The Guest Room by Chris Bohjalian
An advance reader copy was provided free of charge by Doubleday through NetGalley in exchange for my honest opinion and review.
This book was not an
easy read because of the subject. The author nailed the topic.
Honestly had to stop from time to time to get away; actually felt sick to my stomach reading about the destruction of a little girl’s dancing dreams and her horrific introduction
to the sex slave trade. Yet at the same time I felt the thin thread of hope
pull me along as this little girl (Alexandra/née Nevart) refused to believe this was all she had to look forward to in her life. Her life was so traumatic and unfair that to t
his day, a week after finishing the book, I still get a sour stomach knowing that little girls all over the world suffer the same fate.
The emotional turmoil and heavy drama within the older brother’s (Richard) family foreshadowed what had to be an unhappy ending. Each member of his family (Kristin and daughter, Melissa) experienced the full range of negative feelings including confusion, anger, distrust and yes, love. Yet the ending had a twist I did not see coming.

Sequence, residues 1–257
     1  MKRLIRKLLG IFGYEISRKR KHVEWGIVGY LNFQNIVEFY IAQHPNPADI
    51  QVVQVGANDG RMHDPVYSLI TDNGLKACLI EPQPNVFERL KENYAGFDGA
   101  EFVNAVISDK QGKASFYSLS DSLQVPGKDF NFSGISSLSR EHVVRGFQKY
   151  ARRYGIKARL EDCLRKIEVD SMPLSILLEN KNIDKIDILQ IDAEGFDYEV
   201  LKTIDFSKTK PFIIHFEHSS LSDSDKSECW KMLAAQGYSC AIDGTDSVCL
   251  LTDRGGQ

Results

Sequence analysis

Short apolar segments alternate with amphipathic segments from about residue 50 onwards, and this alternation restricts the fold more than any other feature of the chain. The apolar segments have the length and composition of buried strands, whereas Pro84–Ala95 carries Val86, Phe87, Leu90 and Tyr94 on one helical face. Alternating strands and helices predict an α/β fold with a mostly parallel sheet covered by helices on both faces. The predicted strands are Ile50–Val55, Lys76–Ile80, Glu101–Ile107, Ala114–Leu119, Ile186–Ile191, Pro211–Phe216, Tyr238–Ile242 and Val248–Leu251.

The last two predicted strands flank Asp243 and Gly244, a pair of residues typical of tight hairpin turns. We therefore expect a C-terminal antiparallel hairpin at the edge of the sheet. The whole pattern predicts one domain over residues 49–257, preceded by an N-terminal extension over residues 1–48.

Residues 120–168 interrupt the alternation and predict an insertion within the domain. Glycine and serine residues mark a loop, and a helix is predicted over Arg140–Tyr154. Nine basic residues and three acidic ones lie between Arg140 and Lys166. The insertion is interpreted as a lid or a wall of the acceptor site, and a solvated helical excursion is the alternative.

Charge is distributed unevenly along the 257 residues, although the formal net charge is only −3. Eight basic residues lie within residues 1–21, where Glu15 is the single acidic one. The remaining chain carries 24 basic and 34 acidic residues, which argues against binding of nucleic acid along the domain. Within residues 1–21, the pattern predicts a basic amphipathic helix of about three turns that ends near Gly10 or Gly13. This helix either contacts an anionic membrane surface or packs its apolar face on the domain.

Interesting to me were the comparisons sprinkled throughout the book between the young Nevart/Alexandra and Melissa. Born continents apart, each shared a love of Barbie dolls and ballet; childhoods leading in polar opposite directions. One loved deeply and the other deeply looking for love.
The self-destructive nature of the younger brother’s life made it an easy assumption that his life would continue to spiral out of control. The secondary characters nicely merged each of the principle threads into a harsh but well-crafted story.
In my opinion, the vulgar language, graphic physical descriptions and subject matter limits the reading audience. Children under 18 should not read this book. I would, however, recommend it to those individuals and book clubs interested in a discussion of a devastating real world injustice.